New research from the University of Oxford suggests that a vegetarian diet could significantly reduce people’s risk of heart disease, finding that vegetarians have up to 32% less risk of developing heart disease than comparable non-vegetarians.
Heart disease is the single largest cause of death in developed countries, and is responsible for 65,000 deaths each year in the UK alone. The new findings, published in the American Journal of Clinical Nutrition, suggest that a vegetarian diet could significantly reduce people’s risk of heart disease.
‘Most of the difference in risk is probably caused by effects on cholesterol and blood pressure, and shows the important role of diet in the prevention of heart disease,’ explains Dr Francesca Crowe, lead author of the study at the Cancer Epidemiology Unit, University of Oxford.
This is the largest study ever conducted in the UK comparing rates of heart disease between vegetarians and non-vegetarians.
The analysis looked at almost 45,000 volunteers from England and Scotland enrolled in the European Prospective Investigation into Cancer and Nutrition (EPIC)-Oxford study, of whom 34% were vegetarian. Such a significant representation of vegetarians is rare in studies of this type, and allowed researchers to make more precise estimates of the relative risks between the two groups.
The EPIC-Oxford cohort study was funded by Cancer Research UK and the Medical Research Council and carried out by the Cancer Epidemiology Unit at the University of Oxford.
Professor Tim Key, co-author of the study and deputy director of the Cancer Epidemiology Unit, University of Oxford, said: ‘The results clearly show that the risk of heart disease in vegetarians is about a third lower than in comparable non-vegetarians.’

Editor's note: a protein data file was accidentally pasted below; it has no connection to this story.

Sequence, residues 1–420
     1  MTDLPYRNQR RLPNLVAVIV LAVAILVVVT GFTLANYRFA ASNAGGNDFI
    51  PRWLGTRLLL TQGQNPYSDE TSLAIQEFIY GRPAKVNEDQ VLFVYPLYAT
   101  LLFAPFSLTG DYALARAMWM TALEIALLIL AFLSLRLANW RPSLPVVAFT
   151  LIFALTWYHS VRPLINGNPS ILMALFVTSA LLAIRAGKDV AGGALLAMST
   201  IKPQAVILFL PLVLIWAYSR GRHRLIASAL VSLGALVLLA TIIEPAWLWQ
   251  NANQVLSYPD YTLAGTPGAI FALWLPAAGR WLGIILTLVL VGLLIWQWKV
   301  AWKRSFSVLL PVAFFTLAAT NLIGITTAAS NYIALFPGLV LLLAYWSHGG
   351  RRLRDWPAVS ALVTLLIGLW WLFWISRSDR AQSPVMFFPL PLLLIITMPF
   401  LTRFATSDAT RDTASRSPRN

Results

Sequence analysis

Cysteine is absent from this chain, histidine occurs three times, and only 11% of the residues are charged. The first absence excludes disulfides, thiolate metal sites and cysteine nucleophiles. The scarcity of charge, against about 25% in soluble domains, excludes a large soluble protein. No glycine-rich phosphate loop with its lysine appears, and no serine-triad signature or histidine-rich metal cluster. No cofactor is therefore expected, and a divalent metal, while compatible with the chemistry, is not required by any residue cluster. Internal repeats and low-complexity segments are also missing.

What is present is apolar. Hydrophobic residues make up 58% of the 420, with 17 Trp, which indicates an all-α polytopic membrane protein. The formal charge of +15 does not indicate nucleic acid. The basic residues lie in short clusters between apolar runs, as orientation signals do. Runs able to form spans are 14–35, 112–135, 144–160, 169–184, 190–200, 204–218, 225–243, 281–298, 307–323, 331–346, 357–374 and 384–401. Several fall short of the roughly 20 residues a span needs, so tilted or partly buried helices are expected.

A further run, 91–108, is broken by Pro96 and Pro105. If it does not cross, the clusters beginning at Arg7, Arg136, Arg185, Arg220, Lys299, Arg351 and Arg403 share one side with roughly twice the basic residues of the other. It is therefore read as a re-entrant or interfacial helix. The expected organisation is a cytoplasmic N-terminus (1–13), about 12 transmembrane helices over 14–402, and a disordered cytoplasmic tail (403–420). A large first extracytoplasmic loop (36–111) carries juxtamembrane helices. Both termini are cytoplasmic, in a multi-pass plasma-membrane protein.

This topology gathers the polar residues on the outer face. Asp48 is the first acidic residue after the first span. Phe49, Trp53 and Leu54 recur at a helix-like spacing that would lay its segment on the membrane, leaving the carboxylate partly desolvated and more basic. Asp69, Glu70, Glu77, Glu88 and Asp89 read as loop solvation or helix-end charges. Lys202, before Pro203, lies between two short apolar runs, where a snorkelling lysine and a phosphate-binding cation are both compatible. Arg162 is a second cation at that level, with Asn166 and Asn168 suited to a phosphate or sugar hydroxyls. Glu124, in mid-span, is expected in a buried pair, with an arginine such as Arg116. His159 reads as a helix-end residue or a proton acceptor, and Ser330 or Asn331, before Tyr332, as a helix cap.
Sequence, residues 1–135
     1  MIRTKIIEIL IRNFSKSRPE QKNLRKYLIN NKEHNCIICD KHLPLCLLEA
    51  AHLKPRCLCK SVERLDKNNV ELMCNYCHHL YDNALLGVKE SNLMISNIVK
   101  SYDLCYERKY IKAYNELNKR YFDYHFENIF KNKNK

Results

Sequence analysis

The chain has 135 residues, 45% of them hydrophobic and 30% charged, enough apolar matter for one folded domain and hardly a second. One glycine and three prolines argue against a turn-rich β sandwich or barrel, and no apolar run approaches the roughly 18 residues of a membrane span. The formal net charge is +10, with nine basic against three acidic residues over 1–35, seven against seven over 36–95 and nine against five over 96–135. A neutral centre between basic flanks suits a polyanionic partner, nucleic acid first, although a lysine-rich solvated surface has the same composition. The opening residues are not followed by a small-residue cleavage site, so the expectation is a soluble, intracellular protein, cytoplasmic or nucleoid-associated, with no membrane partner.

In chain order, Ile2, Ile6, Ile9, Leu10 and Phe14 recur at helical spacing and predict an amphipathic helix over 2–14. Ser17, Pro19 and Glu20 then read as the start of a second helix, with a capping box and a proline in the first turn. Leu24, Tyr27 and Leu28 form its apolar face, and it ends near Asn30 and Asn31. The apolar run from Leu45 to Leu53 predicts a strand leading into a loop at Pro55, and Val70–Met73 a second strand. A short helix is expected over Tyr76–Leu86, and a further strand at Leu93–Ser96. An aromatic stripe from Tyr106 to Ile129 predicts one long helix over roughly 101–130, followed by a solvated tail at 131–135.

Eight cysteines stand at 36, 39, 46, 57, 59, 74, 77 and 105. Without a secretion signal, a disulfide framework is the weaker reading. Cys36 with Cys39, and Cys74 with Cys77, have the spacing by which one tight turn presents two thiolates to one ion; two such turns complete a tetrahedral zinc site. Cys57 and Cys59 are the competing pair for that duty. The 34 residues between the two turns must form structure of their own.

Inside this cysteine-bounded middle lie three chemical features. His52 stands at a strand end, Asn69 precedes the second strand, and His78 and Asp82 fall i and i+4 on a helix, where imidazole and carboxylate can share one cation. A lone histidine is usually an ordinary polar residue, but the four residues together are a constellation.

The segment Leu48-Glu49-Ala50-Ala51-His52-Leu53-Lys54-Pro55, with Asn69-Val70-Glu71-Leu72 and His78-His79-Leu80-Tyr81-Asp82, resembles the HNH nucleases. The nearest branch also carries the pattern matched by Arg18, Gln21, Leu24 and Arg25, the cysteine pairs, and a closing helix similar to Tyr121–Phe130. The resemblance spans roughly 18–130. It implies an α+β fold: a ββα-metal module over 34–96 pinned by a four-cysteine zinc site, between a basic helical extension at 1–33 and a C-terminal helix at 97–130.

The Oxford researchers arrived at the figure of 32% risk reduction after accounting for factors such as age, smoking, alcohol intake, physical activity, educational level and socioeconomic background.
Participants were recruited to the study throughout the 1990s, and completed questionnaires regarding their health and lifestyle when they joined. These included detailed questions on diet and exercise as well as other factors affecting health such as smoking and alcohol consumption. Almost 20,000 participants also had their blood pressures recorded, and gave blood samples for cholesterol testing.
The volunteers were tracked until 2009, during which time researchers identified 1235 cases of heart disease. This comprised 169 deaths and 1066 hospital diagnoses, identified through linkage with hospital records and death certificates. Heart disease cases were validated using data from the Myocardial Ischaemia National Audit Project (MINAP).
The researchers found that vegetarians had lower blood pressures and cholesterol levels than non-vegetarians, which is thought to be the main reason behind their reduced risk of heart disease.
Vegetarians typically had lower body mass indices (BMI) and fewer cases of diabetes as a result of their diets, although these were not found to significantly affect the results. If the results are adjusted to exclude the effects of BMI, vegetarians remain 28% less likely to develop heart disease.
The findings reinforce the idea that diet is central to prevention of heart disease, and build on previous work looking at the influence of vegetarian diets, the researchers say.
Reference: Francesca L Crowe, et al., “Risk of hospitalization or death from ischemic heart disease among British vegetarians and nonvegetarians: results from the EPIC-Oxford cohort study,” Am J Clin Nutr March 2013 ajcn.044073; First published online January 30, 2013.